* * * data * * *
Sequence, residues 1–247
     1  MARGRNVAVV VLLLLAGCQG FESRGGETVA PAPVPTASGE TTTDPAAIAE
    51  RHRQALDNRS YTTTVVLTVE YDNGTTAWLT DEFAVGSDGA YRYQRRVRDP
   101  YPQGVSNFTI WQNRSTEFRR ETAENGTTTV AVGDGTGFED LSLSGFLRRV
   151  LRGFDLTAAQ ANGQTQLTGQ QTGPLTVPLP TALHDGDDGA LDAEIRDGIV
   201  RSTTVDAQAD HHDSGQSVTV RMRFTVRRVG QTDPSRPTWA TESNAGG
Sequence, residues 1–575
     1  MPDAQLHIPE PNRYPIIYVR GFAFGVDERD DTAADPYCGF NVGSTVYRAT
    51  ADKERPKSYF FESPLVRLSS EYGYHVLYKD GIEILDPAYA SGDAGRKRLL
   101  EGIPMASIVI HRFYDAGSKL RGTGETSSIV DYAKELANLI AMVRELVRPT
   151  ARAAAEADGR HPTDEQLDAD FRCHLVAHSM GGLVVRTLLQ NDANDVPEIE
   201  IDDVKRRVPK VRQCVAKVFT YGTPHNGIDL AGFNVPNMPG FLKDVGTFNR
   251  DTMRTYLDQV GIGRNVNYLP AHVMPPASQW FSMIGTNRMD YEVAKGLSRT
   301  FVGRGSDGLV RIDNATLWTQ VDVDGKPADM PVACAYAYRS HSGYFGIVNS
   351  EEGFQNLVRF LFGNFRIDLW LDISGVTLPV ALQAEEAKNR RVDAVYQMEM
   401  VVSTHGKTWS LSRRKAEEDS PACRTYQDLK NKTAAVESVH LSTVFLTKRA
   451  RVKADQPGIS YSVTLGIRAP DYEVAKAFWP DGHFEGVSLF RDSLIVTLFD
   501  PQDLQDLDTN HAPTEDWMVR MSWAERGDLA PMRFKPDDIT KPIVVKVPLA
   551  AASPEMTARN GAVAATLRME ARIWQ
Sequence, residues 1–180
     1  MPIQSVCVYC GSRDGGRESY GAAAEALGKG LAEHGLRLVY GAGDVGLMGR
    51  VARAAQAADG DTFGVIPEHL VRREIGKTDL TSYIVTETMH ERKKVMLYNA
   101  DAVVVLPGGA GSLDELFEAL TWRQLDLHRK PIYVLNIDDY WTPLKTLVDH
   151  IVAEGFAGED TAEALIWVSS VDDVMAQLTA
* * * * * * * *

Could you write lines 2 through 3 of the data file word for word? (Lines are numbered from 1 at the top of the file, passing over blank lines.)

     1  MARGRNVAVV VLLLLAGCQG FESRGGETVA PAPVPTASGE TTTDPAAIAE
    51  RHRQALDNRS YTTTVVLTVE YDNGTTAWLT DEFAVGSDGA YRYQRRVRDP